The SIMON property, featuring more than 200 stores, north of Barrett Parkway east of Interstate 75, will string Christmas decorations throughout the mall today for Santa’s arrival Nov. 1.
As in years past, Santa will arrive to Town Center pulled in his sleigh by live reindeer and escorted by The Walker School marching band to the doors outside the food court, before children line up at 6 p.m.
For almost two months, through Christmas Eve, 200,000 people are expected to visit Santa, including three Sunday evenings after the mall closes, Nov. 17, Nov. 24 and Dec. 8, when pets are brought in by owners for pictures with the jolly man.
Throughout the season, the mall will be filled with music by local organizations and schools.
Shelly Weidner, director of business development, who has worked at Town Center for five years, said the Cobb location is the “perfect family mall.”
Town Center will also welcome seasonal retailers starting Nov. 1 who will sell special treats not available year round.
These popup shops include Go! Calendars, Hickory Farms, See’s Candies and Polar X Ornaments.
By coming to the mall, as compared to shopping online, customers have a complete experience, with holiday music and decorations, while they handpick the perfect holiday gift.
“It is just that feeling of Christmastime that you don’t get on your computer,” Weidner said.
Last year, Town Center opened at midnight on the morning of Black Friday — the busy shopping day following Thanksgiving Day — and stayed open until 10 p.m.
“It was insane here,” Weidner said.
This year, many retailers are pushing a step further and opening in the late evening on Thanksgiving Day, but Weidner said Town Center has not yet announced their plans.
Weidner said there is a high turnout on Black Friday by shoppers who flood the mall in groups searching for special promotions and giveaways.
“Holiday shopping has become a social family event,” Weidner said.
The success of Black Friday is a good predictor on the success for the rest of the holiday shopping season, Weidner said.
Few empty store fronts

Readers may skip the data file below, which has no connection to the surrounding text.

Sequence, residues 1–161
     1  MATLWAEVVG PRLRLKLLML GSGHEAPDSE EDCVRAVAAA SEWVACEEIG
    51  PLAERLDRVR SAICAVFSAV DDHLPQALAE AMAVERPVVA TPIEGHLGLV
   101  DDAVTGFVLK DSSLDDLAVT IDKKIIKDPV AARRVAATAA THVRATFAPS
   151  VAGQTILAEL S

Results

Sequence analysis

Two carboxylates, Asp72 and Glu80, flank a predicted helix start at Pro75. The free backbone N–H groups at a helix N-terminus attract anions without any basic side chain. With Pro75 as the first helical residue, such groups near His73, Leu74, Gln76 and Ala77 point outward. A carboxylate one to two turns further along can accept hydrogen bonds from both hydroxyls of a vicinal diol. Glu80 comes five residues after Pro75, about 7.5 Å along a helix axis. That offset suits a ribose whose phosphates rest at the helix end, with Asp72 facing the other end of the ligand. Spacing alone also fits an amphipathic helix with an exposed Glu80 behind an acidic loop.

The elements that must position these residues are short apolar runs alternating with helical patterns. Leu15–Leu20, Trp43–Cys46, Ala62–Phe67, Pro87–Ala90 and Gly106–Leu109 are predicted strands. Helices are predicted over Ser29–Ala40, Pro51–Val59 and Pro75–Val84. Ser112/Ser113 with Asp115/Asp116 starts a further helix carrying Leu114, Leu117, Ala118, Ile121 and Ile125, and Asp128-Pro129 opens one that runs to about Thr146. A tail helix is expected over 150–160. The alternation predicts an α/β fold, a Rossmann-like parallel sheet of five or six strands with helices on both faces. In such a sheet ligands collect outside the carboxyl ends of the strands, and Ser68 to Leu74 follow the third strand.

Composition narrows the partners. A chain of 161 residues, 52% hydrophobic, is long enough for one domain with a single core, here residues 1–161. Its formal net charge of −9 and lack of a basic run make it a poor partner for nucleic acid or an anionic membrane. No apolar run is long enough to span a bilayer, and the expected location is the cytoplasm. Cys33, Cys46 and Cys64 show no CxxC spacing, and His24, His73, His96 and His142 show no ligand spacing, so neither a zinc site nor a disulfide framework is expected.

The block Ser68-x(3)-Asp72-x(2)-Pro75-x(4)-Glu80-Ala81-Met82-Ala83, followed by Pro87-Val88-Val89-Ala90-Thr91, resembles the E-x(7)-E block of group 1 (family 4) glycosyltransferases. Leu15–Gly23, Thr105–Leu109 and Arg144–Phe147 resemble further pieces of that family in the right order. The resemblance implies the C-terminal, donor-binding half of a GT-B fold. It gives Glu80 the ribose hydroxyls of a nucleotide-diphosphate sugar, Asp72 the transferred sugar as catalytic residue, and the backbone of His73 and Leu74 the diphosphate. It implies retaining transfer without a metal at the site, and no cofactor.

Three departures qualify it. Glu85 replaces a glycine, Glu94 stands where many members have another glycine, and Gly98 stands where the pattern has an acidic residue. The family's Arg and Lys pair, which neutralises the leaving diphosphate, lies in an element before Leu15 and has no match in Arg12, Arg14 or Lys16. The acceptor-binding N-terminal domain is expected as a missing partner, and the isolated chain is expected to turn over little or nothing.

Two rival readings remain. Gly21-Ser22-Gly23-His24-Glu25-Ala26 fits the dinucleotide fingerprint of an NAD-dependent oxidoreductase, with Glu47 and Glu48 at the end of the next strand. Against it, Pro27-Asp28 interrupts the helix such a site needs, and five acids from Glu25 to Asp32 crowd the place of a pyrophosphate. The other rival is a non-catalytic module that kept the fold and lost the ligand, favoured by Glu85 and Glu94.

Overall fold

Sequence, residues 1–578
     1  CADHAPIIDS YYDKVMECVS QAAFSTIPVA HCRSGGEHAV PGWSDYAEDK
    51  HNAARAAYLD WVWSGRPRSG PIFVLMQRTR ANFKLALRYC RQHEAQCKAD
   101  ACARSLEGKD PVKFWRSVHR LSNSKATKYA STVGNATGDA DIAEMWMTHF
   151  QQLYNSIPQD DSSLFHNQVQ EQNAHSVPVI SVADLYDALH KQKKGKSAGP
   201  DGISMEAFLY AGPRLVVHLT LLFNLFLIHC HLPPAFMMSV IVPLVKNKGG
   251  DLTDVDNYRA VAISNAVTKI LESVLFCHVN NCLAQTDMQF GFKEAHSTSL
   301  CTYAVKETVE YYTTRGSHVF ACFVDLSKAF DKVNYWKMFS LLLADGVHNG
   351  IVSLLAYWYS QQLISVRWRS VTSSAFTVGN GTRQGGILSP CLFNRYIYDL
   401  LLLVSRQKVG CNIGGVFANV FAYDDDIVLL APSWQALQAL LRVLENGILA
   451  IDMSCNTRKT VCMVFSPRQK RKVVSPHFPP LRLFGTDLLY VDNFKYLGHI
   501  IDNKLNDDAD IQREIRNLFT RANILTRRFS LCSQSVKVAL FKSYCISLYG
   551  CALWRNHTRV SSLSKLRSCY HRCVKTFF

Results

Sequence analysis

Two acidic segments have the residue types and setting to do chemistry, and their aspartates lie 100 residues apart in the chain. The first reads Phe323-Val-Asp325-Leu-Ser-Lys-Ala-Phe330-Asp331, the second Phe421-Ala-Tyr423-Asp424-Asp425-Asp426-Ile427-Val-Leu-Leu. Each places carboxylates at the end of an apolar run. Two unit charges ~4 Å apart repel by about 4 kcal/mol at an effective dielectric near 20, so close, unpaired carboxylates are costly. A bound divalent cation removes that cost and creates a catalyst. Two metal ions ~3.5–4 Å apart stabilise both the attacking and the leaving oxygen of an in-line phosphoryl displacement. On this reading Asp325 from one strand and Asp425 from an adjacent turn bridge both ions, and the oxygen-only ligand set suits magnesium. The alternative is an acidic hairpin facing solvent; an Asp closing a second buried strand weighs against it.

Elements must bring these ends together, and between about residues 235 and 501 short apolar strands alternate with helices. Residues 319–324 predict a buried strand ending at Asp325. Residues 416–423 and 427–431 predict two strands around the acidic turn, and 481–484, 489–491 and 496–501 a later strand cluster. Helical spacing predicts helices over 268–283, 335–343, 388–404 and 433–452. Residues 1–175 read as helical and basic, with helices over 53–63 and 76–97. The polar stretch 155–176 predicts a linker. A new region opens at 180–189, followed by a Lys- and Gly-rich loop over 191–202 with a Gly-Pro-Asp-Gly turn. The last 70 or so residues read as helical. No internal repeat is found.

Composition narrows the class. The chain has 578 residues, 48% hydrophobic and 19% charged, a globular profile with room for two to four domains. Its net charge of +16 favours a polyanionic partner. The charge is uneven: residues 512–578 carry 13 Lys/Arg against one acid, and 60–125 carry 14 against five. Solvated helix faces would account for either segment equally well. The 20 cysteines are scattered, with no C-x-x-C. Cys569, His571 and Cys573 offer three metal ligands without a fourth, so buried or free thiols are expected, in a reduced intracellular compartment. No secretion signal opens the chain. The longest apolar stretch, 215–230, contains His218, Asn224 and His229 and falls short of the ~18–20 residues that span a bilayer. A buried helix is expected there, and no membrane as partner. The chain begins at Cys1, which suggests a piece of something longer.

Town Center has very little empty space left in the mall, especially after last year’s expansion of the Forever 21 store that now fills 23,000 square feet of space, taking up an entire wing of store fronts, Weidner said.
Also, Victoria’s Secret, located on the lower level, completed a full renovation of its 9,600 square foot store this month.
New stores have recently been added to the mall, some based on suggestions shoppers made at the information booth or on the Town Center’s Facebook page.
“We try to stay on the pulse of what shoppers want,” Weidner said.
Also on the lower level, 2 Chez Boutique caters to fashionistas in college and high school, as well as young moms.
“Whoever likes to keep up with trends is our ideal customer,” said Oana Brown, the owner of 2 Chez Boutique, who opened the Town Center store after the success of her first store at the Mall of Georgia.
Brown said young girls tend to go to the same parties and do not want to see someone wearing the same outfit.
By only offering a limited number of items of a certain style, and rotating the merchandise every week, the store prides itself on reducing the “uniform effect,” Brown said.
Chunky jewelry with large, deep red and blue glass pieces line the window displays, and racks of blouses greet shoppers inside the boutique.
There are entire sections of salmon orange and navy blue pieces, as well as black, gray and fuchsia shirts, many with a modern take on Aztec and tribal designs.
Brown said the trend this fall and winter season is big, boxy cardigans and long sweaters with riding boots.
Not your grandfather’s suit
The latest additions to Town Center are not just for the ladies. Bachrach opened three weeks ago at Town Center, but has placed stores all over Georgia in the last six years.
Headquartered out of California, Bachrach began in 1877 as a haberdashery, said the Town Center store co-manager, Scott Damhorst, who lives in Kennesaw.
The 3,000 square foot store specializes in men’s fashion with an emphasis on building long-lasting relationships with customers.
Bachrach sells suits, suede sport jackets, wool coats, and dress shirts. For the winter season, the store is stocked with dark clothes, including standout items like plum pants.
Damhorst said clothes can really make the man, especially if a suit bought for an important meeting or event makes a shopper feel like a million bucks.
Teenagers select suits at Bachrach for special events, while young adult men choose dressy pieces to feel sharper as they enter the work force.
At the same time, many companies are going toward a more casual look, with bankers wearing jeans and funky button-down shirts, which Bachrach also sells.
Bachrach carries slim fit styles with skinny ties and thin lapels, as well as classic looks for the traditional man.
Even though the growing modern trend is fitted clothes, not every guy wants a skinny pant, Damhorst said.
“We cater to every type of guy,” Damhorst said.
Bowties are another hot item for younger men, but Damhorst predicts the next craze will be cable knit ties that end in a blunt line, instead of a triangle. The style is a new take on the 1980s retro style.
The biggest risk that some shoppers of Bachrach are successfully trying is mixing patterns with different articles of clothing.
For instance, Damhorst was wearing a blue and orange stripped tie, with a plaid orange and white shirt.